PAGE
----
bimo: (Default)
Several weeks ago, in the course of a shipping meme, [livejournal.com profile] selenak asked me to write a few words about Darla and Drusilla. It's funny how waking up in the middle of the night can finally bring a solution to things, when your daytime muses are otherwisely occupied  *g*

So, Selena, this one is for you. Sorry it took me so long...

Putting the relationship between Darla and Drusilla down into words  is like describing  harmony by terms of contrast. They are the first and the third line of a complicated four line riddle, diametrically opposed corners of a  perfect square. Each of them mirrors the time and culture they were born in. The whore who believed in nothing except the cruel works of man, and the Victorian angel.  If you look closely enough, you will find that both passed a part of their essence on to their vampire children; the prodigal sons who, more than once, saved the very same mankind Darla and Dru sought to destroy.

Death is a big theme for them, the night-clad puppeteer, who pulls at their strings. They thrive on each other. While Darla is reason and cunning, Drusilla is the empress of vision and madness; no wonder she ran away with that  hideous demon. Strangely enough, she who always seemed so fragile and transient, will remain who she is and travel the world forever.

Darla is change.
bimo: (DRD_beware)
Today's definition of the term "luck": Spilling the entire content of your XL-sized coffee mug over your writing desk without one single drop of liquid hitting your keyboard (it's the fourth, btw.; keyboards fear me, I'm their doom *g*)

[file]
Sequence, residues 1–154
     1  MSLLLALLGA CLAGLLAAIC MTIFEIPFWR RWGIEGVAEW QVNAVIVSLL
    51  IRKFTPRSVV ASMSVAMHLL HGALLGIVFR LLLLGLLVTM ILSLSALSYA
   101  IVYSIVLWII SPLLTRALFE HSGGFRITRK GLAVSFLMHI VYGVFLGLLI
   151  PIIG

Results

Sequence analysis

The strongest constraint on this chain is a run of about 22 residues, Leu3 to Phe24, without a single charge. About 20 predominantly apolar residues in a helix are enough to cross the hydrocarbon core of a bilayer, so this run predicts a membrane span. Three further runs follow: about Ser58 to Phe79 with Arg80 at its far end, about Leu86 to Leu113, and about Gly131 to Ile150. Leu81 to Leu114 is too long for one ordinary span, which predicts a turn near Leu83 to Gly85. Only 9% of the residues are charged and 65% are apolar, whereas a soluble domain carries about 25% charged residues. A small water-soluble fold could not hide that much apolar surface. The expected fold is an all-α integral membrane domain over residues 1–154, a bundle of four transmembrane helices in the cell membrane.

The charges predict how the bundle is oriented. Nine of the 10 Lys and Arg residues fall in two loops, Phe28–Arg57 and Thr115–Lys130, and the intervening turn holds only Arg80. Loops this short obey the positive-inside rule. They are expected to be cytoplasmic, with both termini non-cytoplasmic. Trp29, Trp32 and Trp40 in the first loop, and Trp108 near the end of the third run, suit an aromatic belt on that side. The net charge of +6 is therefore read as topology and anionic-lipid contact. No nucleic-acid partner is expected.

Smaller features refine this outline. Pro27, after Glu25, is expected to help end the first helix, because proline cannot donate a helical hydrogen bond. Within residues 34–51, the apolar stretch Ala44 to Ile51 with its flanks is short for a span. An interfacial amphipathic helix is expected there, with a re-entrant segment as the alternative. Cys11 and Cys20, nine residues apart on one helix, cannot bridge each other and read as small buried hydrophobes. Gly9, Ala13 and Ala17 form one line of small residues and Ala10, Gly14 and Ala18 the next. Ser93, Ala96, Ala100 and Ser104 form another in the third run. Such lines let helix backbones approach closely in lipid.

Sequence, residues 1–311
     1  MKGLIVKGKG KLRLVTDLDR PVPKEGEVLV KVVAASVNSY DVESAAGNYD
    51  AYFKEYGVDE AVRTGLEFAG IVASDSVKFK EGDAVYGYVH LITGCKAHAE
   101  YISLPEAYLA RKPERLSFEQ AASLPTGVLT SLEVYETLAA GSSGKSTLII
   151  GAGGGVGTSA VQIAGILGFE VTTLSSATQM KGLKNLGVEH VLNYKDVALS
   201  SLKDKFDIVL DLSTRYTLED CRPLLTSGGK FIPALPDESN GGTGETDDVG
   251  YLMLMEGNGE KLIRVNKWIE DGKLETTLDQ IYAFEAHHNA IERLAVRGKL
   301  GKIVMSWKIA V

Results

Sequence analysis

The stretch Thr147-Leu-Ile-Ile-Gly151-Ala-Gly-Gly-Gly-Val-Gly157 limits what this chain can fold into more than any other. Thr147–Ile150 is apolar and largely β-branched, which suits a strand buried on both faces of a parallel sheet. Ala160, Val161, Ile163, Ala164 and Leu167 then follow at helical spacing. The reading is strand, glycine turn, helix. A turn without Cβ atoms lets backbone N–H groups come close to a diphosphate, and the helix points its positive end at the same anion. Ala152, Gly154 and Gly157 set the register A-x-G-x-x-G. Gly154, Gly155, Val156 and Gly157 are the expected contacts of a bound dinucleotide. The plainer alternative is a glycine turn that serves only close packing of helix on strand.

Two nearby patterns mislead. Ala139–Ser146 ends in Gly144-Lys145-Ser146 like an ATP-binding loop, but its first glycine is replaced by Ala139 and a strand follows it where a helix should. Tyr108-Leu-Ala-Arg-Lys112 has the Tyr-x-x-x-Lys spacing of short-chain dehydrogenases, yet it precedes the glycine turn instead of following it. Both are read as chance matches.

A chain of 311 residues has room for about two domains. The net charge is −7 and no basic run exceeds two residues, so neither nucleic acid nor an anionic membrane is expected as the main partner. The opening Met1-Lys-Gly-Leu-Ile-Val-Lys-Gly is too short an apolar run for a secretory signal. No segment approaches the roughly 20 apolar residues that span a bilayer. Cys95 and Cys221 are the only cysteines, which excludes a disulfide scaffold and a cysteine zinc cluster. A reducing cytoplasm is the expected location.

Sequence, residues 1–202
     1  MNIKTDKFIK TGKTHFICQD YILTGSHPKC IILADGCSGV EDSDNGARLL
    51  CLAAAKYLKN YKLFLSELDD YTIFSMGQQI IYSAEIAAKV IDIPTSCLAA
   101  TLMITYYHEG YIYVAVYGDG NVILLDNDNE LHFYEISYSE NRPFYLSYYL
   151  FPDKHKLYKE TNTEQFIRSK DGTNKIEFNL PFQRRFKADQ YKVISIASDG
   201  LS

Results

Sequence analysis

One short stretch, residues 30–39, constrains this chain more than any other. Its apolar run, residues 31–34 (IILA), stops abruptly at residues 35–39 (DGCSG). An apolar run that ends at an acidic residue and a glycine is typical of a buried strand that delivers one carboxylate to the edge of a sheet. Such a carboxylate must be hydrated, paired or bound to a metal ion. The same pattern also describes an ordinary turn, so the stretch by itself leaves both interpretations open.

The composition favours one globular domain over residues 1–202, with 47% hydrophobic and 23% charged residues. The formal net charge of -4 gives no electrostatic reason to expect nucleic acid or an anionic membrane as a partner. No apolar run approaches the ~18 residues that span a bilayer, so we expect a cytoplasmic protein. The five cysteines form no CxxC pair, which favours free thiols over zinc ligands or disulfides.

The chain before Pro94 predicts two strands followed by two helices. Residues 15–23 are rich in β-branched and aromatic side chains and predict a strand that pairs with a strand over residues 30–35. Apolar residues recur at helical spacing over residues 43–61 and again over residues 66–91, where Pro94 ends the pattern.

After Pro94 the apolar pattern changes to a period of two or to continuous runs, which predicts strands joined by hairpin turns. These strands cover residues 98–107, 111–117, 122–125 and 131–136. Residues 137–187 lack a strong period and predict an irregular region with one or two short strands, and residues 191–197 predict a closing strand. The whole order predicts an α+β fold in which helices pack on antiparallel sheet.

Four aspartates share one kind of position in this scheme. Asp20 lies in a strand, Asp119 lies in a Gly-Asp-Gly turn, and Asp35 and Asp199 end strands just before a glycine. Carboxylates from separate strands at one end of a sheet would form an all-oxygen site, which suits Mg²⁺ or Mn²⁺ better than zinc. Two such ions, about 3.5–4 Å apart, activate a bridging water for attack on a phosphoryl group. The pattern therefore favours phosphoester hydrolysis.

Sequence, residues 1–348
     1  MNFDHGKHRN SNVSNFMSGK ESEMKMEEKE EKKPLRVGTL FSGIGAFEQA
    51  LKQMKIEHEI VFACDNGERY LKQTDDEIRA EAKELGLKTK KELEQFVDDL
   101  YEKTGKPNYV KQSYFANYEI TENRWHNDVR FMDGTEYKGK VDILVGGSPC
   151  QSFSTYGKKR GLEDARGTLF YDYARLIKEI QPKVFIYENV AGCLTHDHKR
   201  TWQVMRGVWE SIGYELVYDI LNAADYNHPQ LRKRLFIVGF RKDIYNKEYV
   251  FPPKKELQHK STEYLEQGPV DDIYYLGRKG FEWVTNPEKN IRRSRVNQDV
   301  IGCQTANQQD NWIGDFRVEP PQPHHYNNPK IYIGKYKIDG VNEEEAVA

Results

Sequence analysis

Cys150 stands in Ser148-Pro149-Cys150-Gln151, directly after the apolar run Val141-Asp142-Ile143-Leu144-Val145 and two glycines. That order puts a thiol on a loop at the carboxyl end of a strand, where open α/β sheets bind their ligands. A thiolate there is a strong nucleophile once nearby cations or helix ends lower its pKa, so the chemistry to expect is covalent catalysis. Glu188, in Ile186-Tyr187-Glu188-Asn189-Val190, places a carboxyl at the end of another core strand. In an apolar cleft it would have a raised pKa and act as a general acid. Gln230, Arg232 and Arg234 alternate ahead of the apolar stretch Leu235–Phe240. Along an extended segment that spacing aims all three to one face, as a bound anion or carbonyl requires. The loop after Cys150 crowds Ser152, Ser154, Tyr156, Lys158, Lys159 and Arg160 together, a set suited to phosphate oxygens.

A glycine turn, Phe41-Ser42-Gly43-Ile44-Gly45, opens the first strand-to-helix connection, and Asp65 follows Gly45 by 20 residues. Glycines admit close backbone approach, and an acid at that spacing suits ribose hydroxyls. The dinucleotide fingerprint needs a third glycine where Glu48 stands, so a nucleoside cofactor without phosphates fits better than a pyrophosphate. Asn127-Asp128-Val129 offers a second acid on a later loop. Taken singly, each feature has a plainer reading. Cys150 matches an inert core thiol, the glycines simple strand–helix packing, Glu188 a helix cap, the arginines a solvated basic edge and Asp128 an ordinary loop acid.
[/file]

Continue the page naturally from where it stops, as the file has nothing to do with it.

But back to the bundle of disconnected notes that I came here for...


***

[livejournal.com profile] cavendish's entry about Re-Unification Day, incorrigible teenage idealism and the importance of hopeful Utopias not only re-awakened my love for the groundbreaking qualities of Star Trek: Classic , it also caused me to wonder about the representation of humanist values in current Sci-Fi/Genre TV.

The most obvious finding: We clearly live in a "Post X-Files" age now. Where Roddenberry's Federation of Planets postulated the benefits of scientific advance, peaceful exploration and tolerance, the Federation officers of Joss Whedon's Firefly have turned human future into a paranoiac's nightmare. And while faith in political bodies or larger collectives as such appears to have been irreversably shattered, the remaining fragments have been rearrangend to form something else. Something that in the end might easily prove to be the more powerful optimist vision: humanism displayed not under ideal circumstances but in the face of terror and, also, the firm belief in the individual's capability to change.

So, here is my reply to anybody accusing shows like Farscape, Babylon 5, DS9 or the later seasons of Buffy of too much bleakness: don't look at the amount of despair and gloom. Look into the hearts of the characters. And you will find hope for mankind. More than enough.

***

I finally saw the season premiere of Angel. After last years' fantasy-heavy and apocalypse-loaden story arcs, the episode itself felt rather refreshing and ironically also much closer to the earlier, more reality-based plolines of seasons 1 and 2 than anything that has happened to Angel and crew after Pylea. Go A-Team. Go!

***

Some TV shows are like your favourite sweater. Though worn-out, baggy and bleached, you will unconditionally love them till the very end. I missed you, ER. Great to have you back!

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